Francis Towne (1739 - 1816)
  • A View of Lake Maggiore from Laveno
  • Lago Maggiore, No. 8
Pencil, pen and grey and brown inks, grey wash
  • image width 286mm,
  • image length 465mm
  • sheet, recto
  • “snow”
  • in ink
  • sheet, verso
  • “This drawing to be done for Miss Baring / 10 Guineas / Monte Simplen Lacde Maggiore / August 26, 1781 / the morning light from the / left hand / A View of Lago Maggiore / taken from Lavano with Isola Bella on the left hand / and Isola Madre on the right the two Borromean Islands / August 26th, 1781 / Count Borromeo / A little below Sesti the lake empties itself into the river / Teuse, Tefrin or Ticino, which properly is the Eflux of the / Lago Maggiore / The Tesin falls into the Po and is excessively / rapid and its an outlet of that vast Lake / the Lago Maggiore”
  • according to Oppé, this drawing was numbered “8”, although no number is now visible
Object Type
Monochrome wash

Catalogue Number
Description Sources
Examination; Paul Mellon Centre (image)


Bequeathed by the artist in 1816 to James White of Exeter (1744–1825), on whose death it passed to Towne’s residuary legatee John Herman Merivale (1779–1844) and his successors. Merivale’s granddaughters Maria Sophia Merivale (1853–1928) and Judith Ann Merivale (1860–1945), both of Oxford, inherited the drawing in May 1915 (BP50). On 21 October 1935 Judith Merivale sold it to Paul Oppé (1878–1957; no.2111) for £15 with five other drawings (FT306, FT328, FT332, FT335, FT336; Paul Oppé’s records suggest that it was sold in November 1935 for £8). Oppé’s descendants sold it in 1996 with the rest of Oppé’s collection to the present owner, the Tate Gallery (T08187).

Associated People & Organisations

Tate, London, 1996, T08187
Adolph Paul Oppé (1878 - 1957), London, 21 October 1935, GBP 15, no.2111
Acquired with FT306, FT328, FT332, FT335, FT336
Judith Ann Merivale (1860 - 1945), Oxford, May 1915, BP50
Maria Sophia Merivale (1853 - 1928), Oxford, May 1915, BP50
John Herman Merivale (1779 - 1844), 1825
James White (1744 - 1825), Exeter, 1816
Exhibition History
76th Annual Exhibition of Water-Colour Drawings, Thomas Agnew & Sons, 1949, no. 15
Exhibition of Works from The Paul Oppe Collection, Royal Academy, 1958, no. 85
Adrian Bury, Francis Towne - Lone Star of Water-Colour Painting, Charles Skilton: London, 1962, p. 145
Timothy Wilcox, Francis Towne, Tate Publishing: London, 1997, p. 91


This is a view of Lake Maggiore from Laveno, a small town on the east shore of the lake opposite the Borromean Islands, with the Alps beyond. The drawing shows both Isola Bella and Isola Madre, the property of the Borromeo family.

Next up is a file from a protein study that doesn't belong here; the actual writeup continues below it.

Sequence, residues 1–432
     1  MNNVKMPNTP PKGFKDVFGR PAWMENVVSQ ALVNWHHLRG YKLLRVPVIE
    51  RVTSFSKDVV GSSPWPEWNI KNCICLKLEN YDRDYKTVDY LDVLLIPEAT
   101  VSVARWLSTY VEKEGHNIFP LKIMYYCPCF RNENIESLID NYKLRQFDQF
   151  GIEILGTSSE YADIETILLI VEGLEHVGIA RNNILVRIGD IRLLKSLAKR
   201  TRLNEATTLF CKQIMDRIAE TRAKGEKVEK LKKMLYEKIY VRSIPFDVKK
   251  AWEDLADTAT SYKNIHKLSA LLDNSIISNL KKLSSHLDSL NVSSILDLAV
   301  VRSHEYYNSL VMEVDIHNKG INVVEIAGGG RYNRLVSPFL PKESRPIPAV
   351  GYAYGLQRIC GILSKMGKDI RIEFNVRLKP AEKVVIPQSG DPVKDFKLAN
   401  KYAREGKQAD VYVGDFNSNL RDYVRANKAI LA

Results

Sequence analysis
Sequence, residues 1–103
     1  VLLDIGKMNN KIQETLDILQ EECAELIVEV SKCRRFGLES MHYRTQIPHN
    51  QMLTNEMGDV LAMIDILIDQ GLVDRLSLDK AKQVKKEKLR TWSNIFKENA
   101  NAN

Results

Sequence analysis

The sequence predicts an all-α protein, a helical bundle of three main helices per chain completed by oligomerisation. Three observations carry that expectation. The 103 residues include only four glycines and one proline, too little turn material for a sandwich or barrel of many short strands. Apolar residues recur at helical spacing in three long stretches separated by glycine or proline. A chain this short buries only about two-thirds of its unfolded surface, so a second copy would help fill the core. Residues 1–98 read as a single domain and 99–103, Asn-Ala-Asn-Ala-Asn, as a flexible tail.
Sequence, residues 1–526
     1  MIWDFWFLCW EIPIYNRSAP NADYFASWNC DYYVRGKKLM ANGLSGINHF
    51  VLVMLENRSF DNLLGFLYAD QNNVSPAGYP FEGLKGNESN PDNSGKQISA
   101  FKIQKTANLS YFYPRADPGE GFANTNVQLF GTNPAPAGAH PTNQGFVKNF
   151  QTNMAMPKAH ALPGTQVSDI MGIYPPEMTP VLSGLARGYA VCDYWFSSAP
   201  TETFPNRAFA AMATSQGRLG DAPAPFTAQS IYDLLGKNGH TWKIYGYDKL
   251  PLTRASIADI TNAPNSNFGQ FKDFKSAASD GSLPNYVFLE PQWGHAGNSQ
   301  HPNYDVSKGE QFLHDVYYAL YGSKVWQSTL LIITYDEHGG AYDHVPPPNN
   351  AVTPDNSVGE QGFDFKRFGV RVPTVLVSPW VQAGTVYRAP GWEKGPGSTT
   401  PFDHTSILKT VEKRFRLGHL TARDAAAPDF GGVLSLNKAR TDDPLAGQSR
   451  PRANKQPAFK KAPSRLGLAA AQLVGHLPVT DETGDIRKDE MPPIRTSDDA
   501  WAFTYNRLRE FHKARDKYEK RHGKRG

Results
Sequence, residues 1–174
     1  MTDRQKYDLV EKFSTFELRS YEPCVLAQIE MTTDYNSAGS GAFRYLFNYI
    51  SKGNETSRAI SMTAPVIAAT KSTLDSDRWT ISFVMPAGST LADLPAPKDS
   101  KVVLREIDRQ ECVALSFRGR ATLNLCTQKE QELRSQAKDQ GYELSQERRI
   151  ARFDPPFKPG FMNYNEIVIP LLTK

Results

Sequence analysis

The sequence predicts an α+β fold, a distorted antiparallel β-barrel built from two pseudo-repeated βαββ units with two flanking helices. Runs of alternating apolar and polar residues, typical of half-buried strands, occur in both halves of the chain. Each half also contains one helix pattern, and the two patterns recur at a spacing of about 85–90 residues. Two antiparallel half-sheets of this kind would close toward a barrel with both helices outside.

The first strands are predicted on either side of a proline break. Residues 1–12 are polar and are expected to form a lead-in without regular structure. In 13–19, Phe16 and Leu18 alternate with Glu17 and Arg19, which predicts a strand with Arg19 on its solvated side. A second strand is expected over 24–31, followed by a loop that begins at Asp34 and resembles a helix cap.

Watercolor over graphite on medium, moderately textured, cream laid paper, laid down on original mount, circa 1781

A John White Abbott copy of this drawing exists (FT820), which includes a section to the right lost from Towne’s original. John “Warwick” Smith’s drew the scene from a similar viewpoint (Yale Center for British Art).

The likelihood is that the copy that Towne noted in his inscription was made in the 1780s. Miss Baring’s drawing might conceivably be FT413, dated 1784. Miss Baring was very probably a daughter of one of the Baring brothers who were prominent in Exeter, and nationally, around the end of the eighteenth century. Together, the three brothers had sixteen daughters, so it is not possible to identify Towne’s customer. John Baring (1730–1816) had four daughters: Ann, Elizabeth, Charlotte, and Margaret; Francis (1740–1810), five: Harriet, Maria, Dorothy Elizabeth, Frances, and Lydia; and Charles (1742–1829), seven: Jaquetta, Frances, Eleanor, Mary, Emily, Lucy, and Caroline. The three brothers were the sons of a merchant from Bremen in Germany, Johann Baring (1697–1748). John and Francis Baring both became influential national figures, John serving as MP for Exeter between 1776 and 1800, and Francis as Chairman of the East India Company in 1792–93 and an MP from 1784 to 1806. The Baring daughters were themselves prominent in Exeter society and were known in the circle that included Towne’s friends and customers. In 1786 Charlotte, daughter of John Baring, married John Short of Bickham, one of Towne’s patrons (FT240), and in 1790 Frances, daughter of Charles Baring, married William (see FT876), the son of Towne’s musician friend William Jackson, whose house, Cowley Place, was very near to Barton Place. In 1791 Frances’s sister Jaquetta married Sir Stafford Northcote of Pynes, another nearby estate where Towne had sketched (FT143). Charles Baring’s daughter Lucy was a close friend of Frances, daughter of John Merivale, and after Lucy’s death in 1815 Frances married her widower, John Lewis Mallet of the Audit Office.

by Richard Stephens

Revisions & Feedback

The website will be updated from time to time and, when changes are made, a PDF of the previous version of each page will be archived here for consultation and citation.

Please help us to improve this catalogue

If you have information, a correction or any other suggestions to improve this catalogue, please contact us.